There are those who believe that only the voice of the majority matters. Nothing could be further from the truth. All human beings have a right to be heard. Artists use the raw materials in their immediate environment to create their products. They see, hear, feel and smell their context and then using language represent their interpretation of that context.
The meanings assigned by the artist to elucidate that context need not be those of the majority members of society. Artists are capable of using language and symbols to represent the world of the minority as valuable and worth of attention. We are the richest if we pay attention to the voice of the minority as captured by the artist.
Artists entertain, educate and inform. They celebrate beauty and the interconnectedness of phenomena. But they also contribute to social debates and at times provide counter-discourses to existing power dynamics.
Artistic creativity fertilises cultures and inspires democratic practices. It contests meanings and revisits socio-cultural ideas. It encourages society to revisit its assumption about the world. Using the language of music, painting, film, theatre and literature, the artist can challenge societies to be more inclusive and egalitarian.
In certain situations, artistic expressions and creations are attacked because of the messages they carry and the articulation of symbolic value they may attach to particular situations and ideas. As they interact with their context, artists may challenge dominant assumptions and what may have emerged as the singular ‘truth’.
Political, religions, economic, cultural, or moral interests may be invoked in order to restrict the right of the artist to imagine. These restrictions on undermine efforts to create a more humane and inclusive world. It is only through nurturing the imagination of citizens and entrenching freedoms in the national psyche that nations transform themselves.
International instruments have fairly explicit provisions protecting artistic expression and creativity. Some of these are found in the international Convention on Economic, Social and Cultural Rights Article 15(3) in which member states undertake to respect the freedom indispensable for creative activity.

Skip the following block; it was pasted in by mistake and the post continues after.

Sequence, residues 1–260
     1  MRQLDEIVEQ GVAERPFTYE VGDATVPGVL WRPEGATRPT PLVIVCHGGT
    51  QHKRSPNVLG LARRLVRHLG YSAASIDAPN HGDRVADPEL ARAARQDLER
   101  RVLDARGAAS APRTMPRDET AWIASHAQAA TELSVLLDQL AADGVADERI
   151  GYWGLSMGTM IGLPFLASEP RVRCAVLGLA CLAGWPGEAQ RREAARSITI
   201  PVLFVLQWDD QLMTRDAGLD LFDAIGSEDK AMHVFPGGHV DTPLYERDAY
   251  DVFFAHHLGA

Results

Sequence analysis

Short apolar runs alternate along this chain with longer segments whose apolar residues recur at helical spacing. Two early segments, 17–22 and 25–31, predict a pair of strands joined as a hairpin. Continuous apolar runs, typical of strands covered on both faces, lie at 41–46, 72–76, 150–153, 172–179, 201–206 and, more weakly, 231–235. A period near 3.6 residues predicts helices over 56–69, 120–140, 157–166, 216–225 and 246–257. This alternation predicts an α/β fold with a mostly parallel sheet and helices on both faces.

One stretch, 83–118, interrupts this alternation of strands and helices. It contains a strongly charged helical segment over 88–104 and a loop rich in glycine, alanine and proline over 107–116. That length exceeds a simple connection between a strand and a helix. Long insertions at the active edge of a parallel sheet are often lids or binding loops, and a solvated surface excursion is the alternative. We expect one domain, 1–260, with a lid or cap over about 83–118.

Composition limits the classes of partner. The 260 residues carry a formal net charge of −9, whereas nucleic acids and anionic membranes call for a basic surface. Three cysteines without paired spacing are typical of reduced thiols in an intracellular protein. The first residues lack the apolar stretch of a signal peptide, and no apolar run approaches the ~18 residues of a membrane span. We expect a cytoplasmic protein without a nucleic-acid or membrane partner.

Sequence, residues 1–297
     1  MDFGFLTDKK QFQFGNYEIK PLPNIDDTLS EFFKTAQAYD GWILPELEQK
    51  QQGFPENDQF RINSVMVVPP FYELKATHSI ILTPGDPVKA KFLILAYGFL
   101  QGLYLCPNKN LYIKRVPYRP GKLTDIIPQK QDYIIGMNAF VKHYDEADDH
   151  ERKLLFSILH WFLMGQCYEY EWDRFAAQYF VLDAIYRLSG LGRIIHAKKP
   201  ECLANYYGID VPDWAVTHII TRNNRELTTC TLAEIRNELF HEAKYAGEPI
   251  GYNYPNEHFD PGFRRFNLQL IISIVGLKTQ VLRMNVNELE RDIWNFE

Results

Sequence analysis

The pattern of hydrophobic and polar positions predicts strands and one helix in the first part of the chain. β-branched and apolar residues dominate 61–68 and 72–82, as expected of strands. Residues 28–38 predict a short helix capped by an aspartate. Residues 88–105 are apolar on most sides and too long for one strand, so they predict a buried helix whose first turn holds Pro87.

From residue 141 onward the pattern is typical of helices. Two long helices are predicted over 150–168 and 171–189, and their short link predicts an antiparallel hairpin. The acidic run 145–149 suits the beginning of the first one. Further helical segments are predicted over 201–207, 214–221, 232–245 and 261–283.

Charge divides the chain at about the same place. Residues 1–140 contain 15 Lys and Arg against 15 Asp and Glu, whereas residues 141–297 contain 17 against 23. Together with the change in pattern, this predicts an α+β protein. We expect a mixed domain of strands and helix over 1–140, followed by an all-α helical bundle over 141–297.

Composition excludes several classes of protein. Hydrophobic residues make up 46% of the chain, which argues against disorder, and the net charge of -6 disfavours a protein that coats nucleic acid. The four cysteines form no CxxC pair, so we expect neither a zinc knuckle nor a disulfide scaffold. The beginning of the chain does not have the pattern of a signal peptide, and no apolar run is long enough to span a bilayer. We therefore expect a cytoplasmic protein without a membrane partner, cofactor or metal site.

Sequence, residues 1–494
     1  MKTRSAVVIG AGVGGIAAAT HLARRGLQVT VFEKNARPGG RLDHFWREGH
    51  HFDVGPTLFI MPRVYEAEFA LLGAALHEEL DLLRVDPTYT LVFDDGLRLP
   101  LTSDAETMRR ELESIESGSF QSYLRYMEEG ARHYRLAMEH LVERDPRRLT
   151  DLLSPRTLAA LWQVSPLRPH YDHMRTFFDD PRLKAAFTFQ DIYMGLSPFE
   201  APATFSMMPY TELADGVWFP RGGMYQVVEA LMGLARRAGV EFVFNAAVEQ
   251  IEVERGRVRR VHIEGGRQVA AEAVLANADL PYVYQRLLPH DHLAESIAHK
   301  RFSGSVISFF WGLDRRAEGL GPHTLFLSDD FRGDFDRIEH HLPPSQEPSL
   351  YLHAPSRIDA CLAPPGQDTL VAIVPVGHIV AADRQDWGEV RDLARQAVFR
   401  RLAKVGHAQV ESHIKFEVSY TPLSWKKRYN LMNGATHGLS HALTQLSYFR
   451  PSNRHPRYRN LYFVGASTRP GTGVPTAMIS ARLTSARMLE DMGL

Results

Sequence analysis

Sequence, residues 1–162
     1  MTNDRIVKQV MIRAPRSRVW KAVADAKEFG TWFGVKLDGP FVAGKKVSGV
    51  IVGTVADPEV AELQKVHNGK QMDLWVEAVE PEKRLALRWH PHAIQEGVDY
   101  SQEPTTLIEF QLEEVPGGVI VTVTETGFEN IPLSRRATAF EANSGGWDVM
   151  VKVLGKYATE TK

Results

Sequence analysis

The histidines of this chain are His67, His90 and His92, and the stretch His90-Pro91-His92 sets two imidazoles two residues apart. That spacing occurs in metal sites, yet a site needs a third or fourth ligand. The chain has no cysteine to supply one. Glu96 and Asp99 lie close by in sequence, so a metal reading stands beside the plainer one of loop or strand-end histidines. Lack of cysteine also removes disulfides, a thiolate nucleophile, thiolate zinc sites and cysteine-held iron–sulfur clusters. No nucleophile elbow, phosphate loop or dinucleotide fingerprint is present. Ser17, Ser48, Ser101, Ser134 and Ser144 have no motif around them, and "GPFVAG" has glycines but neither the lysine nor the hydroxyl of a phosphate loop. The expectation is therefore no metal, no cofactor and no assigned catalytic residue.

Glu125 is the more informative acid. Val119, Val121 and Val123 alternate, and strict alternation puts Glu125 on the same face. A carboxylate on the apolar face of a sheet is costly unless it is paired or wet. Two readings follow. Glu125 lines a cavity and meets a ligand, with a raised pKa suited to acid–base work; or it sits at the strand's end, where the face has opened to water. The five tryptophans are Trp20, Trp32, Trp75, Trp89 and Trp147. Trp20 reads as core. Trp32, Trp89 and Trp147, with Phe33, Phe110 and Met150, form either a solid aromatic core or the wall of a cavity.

Further, Article 19(2) of the International Convention on Civil and Political Rights (ICCPR) states that the right to freedom of expression includes the freedom to seek, receive and impart information and ideas of all kinds “in the form of art”. In addition, the Universal Declaration of Human Rights (UDHR) at Article 27 provides that everyone has the right to ‘enjoy the arts’. These instruments are clear on the status of the artist in society.
In my conversion with artists, it is clear that they support restrictions which may be are absolutely necessary, but these must be proportionate and non-discriminatory. In the Kenyan case, those limitations are found in the Constitution.
Artists recognise that their creations often question our lives, perceptions, power relations, social practices and views about each other and the world. They know that expressions sometimes elicit emotive and intellectual responses which may put the artist at risk. But they would like society to understand that the artist’s imaginative journey is valuable to social transformative. When this understanding is reached, communities become a critical refuge and sanctuary for the creative sector.
Inclusive societies are deliberately constructed through a contestation of beliefs. We should give ideas room to contest and enrich each other. Without doubt, children should be protected from content that is inappropriate for them.
In Kenya, that is done through a programming code that restricts certain content to watershed hours. But more needs to be done in supporting the development of content for children and mainstreaming arts education so that learners understand how to interpret and critique media and entertainment content from an early age. The route to censorship has never worked but the use of innovative technological and attitudinal interventions has.
In a decaying, corrupt and unequal society, art has a responsibility of depicting the withering away. And when art is truthful and fulfilling its social function, it shows the world as changeable and helps in changing it. It is in this way that art contributes to the creation of a socially just society. It is also for this reason that we must nurture and protect artistic freedom.
Kimani Njogu is a cultural scholar and Director at Twaweza Communications, Nairobi. firstname.lastname@example.org